The hope of every rental property owner in Raleigh is that his or her relationship with tenants remains amicable. However, if one does happen to sour, the question then becomes when is a landlord within his or her rights to evict? One cannot simply evict a tenant over matters such as personality conflicts; rather, he or she must have legitimate grounds. Those guidelines are established by state law.
According to the website ManageMyProperty.com, there are three basic grounds for eviction in North Carolina:
- A failure by the tenant to pay rent
- The tenant violating his or her lease agreement
- The tenant engaging in drug trafficking or other criminal activity
"Hold-over" scenarios (where a tenant stays longer than the term his or her lease agreement allows) constitute lease violations.
In each case, proof must be provided to substantiate the grounds. Yet even in cases where an eviction may be justified, a landlord cannot simply demand that a tenant leave the same day. In cases where the eviction is due to unpaid rent, the landlord must serve an eviction notice allowing the tenant 10 days to either vacate the premises or pay any rent arrears. The same amount of time must be given for a tenant to comply with his or her lease agreement (should he or she have committed a violation) or leave the property. The only exception to this is in hold-over cases, which require a 7-day notice period if the tenant paid monthly, or 30 days if he or she paid annually.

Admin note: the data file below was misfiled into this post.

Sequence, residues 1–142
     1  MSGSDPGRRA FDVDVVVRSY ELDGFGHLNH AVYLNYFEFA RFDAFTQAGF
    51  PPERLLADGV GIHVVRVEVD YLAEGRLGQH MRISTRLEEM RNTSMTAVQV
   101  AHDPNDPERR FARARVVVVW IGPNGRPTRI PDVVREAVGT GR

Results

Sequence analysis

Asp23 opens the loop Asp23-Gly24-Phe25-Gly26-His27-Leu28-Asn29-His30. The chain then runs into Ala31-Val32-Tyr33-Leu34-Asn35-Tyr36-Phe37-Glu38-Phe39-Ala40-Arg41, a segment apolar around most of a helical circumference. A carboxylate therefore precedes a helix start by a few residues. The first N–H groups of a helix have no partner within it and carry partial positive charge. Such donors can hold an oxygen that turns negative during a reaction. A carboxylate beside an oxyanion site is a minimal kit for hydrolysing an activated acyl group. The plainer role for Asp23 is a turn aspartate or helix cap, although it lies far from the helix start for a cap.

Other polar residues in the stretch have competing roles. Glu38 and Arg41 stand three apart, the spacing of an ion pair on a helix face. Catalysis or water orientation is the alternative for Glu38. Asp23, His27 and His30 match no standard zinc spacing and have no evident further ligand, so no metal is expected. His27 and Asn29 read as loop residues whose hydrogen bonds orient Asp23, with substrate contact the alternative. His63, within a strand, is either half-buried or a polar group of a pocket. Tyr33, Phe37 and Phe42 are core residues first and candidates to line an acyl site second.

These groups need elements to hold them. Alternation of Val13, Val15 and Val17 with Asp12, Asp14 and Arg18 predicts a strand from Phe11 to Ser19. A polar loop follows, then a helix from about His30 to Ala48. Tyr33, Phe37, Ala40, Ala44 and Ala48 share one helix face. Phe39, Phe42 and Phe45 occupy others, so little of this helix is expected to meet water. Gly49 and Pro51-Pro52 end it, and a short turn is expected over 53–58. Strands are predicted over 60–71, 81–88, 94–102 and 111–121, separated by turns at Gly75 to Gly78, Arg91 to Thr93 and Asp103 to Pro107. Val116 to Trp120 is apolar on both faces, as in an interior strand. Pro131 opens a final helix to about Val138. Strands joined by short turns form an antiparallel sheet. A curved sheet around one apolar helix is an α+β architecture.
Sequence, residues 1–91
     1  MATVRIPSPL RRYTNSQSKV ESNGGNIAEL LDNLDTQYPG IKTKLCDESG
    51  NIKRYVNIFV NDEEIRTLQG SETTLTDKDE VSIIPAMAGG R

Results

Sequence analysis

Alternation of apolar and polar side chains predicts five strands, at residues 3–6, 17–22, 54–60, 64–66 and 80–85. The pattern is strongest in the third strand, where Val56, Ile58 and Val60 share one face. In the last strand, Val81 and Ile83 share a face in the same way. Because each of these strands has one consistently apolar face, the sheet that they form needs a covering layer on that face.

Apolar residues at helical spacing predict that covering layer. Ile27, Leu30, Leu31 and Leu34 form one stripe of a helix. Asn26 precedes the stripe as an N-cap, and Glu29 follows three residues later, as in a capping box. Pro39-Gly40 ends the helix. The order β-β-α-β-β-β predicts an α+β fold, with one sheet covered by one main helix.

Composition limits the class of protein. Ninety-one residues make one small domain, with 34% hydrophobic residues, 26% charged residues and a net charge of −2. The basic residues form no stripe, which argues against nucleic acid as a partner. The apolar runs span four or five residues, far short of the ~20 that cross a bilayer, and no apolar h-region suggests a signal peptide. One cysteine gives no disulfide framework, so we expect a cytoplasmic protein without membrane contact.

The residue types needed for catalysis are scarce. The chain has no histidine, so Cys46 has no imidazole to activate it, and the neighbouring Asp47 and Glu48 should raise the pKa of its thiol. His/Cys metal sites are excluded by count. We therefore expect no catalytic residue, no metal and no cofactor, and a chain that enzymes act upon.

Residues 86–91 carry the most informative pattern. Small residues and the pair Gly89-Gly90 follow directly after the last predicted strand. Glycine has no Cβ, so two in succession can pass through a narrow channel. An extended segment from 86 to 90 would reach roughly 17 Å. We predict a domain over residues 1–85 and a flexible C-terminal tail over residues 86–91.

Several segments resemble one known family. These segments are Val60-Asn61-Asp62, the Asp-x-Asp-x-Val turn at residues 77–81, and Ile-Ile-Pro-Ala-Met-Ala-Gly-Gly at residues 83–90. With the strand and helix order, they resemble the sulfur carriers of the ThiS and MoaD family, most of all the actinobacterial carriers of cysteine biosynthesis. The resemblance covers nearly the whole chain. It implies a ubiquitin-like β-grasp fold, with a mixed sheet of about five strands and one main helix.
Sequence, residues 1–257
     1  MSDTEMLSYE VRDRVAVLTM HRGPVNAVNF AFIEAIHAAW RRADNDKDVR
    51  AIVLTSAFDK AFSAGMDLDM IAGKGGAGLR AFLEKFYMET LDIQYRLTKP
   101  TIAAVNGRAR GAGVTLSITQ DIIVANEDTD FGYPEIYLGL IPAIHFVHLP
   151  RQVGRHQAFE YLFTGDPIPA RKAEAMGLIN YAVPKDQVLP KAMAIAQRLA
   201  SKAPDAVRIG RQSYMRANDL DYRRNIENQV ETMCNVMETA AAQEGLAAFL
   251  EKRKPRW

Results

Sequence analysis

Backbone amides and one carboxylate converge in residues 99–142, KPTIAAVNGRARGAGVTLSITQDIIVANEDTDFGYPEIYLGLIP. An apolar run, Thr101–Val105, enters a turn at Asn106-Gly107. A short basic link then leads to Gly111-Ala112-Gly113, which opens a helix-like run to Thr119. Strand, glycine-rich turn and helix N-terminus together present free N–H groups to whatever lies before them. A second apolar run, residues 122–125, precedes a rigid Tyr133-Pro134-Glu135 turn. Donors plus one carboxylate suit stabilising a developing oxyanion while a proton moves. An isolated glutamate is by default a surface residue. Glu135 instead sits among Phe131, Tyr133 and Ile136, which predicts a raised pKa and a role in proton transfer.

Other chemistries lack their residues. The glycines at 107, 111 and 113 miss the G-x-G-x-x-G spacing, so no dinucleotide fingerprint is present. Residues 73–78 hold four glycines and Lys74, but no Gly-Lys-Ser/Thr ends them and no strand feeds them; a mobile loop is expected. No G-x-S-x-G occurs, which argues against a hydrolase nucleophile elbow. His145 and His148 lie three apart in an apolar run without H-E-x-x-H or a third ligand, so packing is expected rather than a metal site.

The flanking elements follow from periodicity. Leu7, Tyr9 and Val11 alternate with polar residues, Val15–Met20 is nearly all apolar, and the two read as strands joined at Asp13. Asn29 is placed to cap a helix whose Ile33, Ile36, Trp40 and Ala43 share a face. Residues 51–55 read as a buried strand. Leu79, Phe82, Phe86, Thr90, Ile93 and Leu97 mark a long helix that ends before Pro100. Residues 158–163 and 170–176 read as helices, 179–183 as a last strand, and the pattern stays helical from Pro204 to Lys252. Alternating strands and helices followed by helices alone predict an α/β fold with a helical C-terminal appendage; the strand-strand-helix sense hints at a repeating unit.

Should a landlord attempt to evict a tenant in any way other than through legal proceedings (e.g., changing the locks, stopping the utilities), North Carolina law allows the tenant to remain on the property and allows the tenant to sue the landlord for attempting a "self-help eviction." However, once proper eviction proceedings have been initiated, the tenant must comply with them.